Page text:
The majority of commentators think that the command to go through the gates relates to the return from the Babylonian exile. However, this does not seem to fit well with the remainder of the chapter. Zion's glory has been established and Jehovah's care guaranteed by an oath. It seems here that Jehovah is enjoining Zion to prepare for the nations to come in. Those within are to go forth and prepare ye the way of the people; cast up, cast up the highway; gather out the stones, and then lift up an ensign for ("over," margin) the peoples. The ensign or standard could be a rallying point for an army in the field or for a scattered people. Earlier Isaiah said that the Root of Jesse would stand for an ensign of the peoples and that unto him would the nations seek (11:10). Jehovah promised that he would lift up his hand to the nations and "set up [his] ensign to the peoples" (49:22), whereupon they would bring Zion's sons and daughters to her. Thus, the language seems to teach that Zion's citizens go forth removing obstacles, making clear the way, and lifting high the banner so that those of the nations (Gentiles) can find their way to Zion and pass through the gates into the city (10).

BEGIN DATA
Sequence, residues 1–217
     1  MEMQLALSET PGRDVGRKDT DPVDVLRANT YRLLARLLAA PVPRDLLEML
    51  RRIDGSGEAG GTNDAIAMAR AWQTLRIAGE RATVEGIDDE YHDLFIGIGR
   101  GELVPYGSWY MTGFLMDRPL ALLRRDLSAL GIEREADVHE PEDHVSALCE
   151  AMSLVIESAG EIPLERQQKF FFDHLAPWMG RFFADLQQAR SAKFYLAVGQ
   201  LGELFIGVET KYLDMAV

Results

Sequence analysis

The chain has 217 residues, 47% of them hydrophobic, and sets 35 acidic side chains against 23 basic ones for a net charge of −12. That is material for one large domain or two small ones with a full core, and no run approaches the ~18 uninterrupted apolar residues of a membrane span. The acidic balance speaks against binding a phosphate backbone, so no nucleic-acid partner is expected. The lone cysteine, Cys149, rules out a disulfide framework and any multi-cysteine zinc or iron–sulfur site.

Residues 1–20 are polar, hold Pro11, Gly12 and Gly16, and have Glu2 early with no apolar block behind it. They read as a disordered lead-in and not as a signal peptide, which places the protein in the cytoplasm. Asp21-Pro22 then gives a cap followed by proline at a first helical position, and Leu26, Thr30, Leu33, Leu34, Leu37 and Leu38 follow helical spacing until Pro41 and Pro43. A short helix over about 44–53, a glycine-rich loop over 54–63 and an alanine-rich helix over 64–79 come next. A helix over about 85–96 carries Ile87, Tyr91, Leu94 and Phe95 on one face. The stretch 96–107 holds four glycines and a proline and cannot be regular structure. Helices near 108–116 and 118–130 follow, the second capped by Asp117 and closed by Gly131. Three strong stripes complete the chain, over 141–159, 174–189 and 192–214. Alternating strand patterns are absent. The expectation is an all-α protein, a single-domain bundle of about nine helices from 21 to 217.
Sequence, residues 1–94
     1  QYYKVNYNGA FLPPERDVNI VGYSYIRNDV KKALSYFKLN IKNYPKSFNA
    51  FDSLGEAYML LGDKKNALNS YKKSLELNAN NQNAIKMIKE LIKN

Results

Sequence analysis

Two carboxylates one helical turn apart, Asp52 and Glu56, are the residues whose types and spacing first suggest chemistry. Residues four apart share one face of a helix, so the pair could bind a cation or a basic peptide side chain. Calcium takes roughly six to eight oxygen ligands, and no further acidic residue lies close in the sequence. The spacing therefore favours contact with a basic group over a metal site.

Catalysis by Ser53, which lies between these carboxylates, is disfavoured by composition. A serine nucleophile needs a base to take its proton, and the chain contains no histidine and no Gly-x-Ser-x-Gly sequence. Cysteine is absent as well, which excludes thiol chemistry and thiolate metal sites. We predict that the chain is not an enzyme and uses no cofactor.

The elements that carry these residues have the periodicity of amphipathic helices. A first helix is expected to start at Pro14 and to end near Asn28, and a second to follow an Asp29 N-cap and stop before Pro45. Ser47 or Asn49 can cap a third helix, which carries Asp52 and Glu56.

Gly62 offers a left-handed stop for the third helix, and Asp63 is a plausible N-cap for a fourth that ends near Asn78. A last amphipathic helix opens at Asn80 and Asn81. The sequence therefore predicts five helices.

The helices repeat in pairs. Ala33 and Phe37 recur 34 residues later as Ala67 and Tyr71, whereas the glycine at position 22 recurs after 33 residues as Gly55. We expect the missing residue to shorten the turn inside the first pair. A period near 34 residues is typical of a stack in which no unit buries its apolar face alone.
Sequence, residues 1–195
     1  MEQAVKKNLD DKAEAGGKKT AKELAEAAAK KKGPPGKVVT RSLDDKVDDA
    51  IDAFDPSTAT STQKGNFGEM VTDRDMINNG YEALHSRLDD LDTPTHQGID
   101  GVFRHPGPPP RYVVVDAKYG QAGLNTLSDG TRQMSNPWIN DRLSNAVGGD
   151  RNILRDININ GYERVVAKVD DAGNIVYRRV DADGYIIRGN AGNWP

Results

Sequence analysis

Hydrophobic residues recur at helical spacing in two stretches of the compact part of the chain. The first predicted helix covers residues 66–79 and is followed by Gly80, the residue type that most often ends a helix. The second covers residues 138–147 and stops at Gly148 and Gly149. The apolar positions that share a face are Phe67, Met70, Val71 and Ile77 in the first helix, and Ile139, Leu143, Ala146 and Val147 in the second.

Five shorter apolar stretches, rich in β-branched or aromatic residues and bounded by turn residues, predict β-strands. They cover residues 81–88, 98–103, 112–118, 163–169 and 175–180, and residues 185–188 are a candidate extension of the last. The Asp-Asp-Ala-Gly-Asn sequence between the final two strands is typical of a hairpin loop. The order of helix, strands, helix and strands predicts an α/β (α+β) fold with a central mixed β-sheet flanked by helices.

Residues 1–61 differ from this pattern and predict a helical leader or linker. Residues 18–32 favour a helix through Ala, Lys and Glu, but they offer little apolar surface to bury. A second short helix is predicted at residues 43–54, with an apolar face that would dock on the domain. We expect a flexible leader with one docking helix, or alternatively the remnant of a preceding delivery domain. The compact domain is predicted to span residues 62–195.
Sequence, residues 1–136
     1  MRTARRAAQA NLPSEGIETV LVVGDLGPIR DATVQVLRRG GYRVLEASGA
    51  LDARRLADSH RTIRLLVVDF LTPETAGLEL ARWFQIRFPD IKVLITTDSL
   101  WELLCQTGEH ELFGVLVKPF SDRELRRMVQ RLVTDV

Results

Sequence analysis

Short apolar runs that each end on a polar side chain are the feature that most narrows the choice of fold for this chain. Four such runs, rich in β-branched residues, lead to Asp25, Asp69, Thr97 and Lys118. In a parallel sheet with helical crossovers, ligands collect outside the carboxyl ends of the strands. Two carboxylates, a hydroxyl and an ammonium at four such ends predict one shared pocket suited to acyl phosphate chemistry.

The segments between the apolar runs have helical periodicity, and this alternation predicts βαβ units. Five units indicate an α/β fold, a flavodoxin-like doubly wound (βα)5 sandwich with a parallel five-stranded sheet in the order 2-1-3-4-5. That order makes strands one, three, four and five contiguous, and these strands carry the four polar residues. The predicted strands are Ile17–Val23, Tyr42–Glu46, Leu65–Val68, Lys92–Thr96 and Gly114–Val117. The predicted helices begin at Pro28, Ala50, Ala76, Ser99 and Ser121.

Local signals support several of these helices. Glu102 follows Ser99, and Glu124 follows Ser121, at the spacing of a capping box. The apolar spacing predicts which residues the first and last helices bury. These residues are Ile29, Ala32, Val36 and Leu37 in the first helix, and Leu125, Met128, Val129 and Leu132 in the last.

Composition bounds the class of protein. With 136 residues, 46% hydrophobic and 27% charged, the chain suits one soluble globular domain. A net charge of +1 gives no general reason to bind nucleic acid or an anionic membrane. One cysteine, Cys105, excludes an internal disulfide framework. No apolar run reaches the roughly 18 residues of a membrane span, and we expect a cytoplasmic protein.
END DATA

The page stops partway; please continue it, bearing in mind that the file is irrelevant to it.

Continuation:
When the Servant comes, he will come not only to the Jews, but will also be "for a light to the Gentiles, that thou mayest be my salvation unto the end of the earth" (49:6). This proclamation is made to his people who are scattered to the ends of the earth: Say ye to the daughter of Zion (the citizens), Behold, thy salvation cometh. The prophet is looking to that time when the glory of Zion will be complete through the Savior; then Jehovah's reward to the people will be a dwelling place in his presence, the wages for their patient waiting and labor (cf. 40:10) (11).

Those to whom salvation comes will be called The holy people, The redeemed of Jehovah. They will be recognized a people separate from all others because their redemption is of Jehovah, not man. The complaint that Jehovah has forsaken Zion (49:14, that she has been cast off as his wife (54:6), forsaken and hated (60:15) will no more be heard. Rather, thou shalt be called Sought our, for the Lord will have sought and called her out of the world, and A city not forsaken (cf. v. 4), constantly under his divine care and protection. While Isaiah does not include this warning, we can surely conclude from what he does say that should the citizens of Zion lose sight of this sacred relationship, become a religious "social club" concerned primarily with political affairs and business enterprises, they will cease to be The holy people, separate and different from the world. They will become just another religious body.